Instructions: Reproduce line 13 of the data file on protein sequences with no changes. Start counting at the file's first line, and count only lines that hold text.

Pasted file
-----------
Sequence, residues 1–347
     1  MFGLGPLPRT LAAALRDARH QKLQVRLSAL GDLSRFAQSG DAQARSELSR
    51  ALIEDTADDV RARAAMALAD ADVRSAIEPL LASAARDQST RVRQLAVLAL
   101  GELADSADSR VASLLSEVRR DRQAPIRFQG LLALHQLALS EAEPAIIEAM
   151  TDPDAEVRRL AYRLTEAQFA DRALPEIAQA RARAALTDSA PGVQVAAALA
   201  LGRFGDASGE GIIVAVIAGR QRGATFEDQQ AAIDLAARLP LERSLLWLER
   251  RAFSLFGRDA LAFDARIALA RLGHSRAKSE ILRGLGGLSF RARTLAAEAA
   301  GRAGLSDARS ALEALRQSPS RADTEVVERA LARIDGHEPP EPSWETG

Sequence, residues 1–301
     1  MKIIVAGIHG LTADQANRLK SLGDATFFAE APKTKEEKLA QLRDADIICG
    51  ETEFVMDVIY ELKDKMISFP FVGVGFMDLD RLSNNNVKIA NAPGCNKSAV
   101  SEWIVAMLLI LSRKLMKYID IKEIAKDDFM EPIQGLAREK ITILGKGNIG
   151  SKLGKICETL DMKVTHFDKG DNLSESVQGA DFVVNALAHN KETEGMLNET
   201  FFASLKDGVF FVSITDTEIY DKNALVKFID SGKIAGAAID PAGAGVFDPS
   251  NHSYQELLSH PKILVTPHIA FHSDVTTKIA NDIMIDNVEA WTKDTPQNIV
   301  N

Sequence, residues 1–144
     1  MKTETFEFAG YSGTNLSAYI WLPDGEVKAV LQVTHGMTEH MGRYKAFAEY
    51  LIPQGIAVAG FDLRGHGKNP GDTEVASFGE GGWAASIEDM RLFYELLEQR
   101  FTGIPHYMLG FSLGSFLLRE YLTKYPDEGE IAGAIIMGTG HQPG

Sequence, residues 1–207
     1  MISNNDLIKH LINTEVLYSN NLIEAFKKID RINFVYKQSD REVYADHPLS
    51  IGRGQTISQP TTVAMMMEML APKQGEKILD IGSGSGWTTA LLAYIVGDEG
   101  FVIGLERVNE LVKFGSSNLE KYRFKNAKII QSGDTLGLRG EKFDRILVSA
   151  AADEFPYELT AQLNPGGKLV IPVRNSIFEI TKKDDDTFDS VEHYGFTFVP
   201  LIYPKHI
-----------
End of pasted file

   151  SKLGKICETL DMKVTHFDKG DNLSESVQGA DFVVNALAHN KETEGMLNET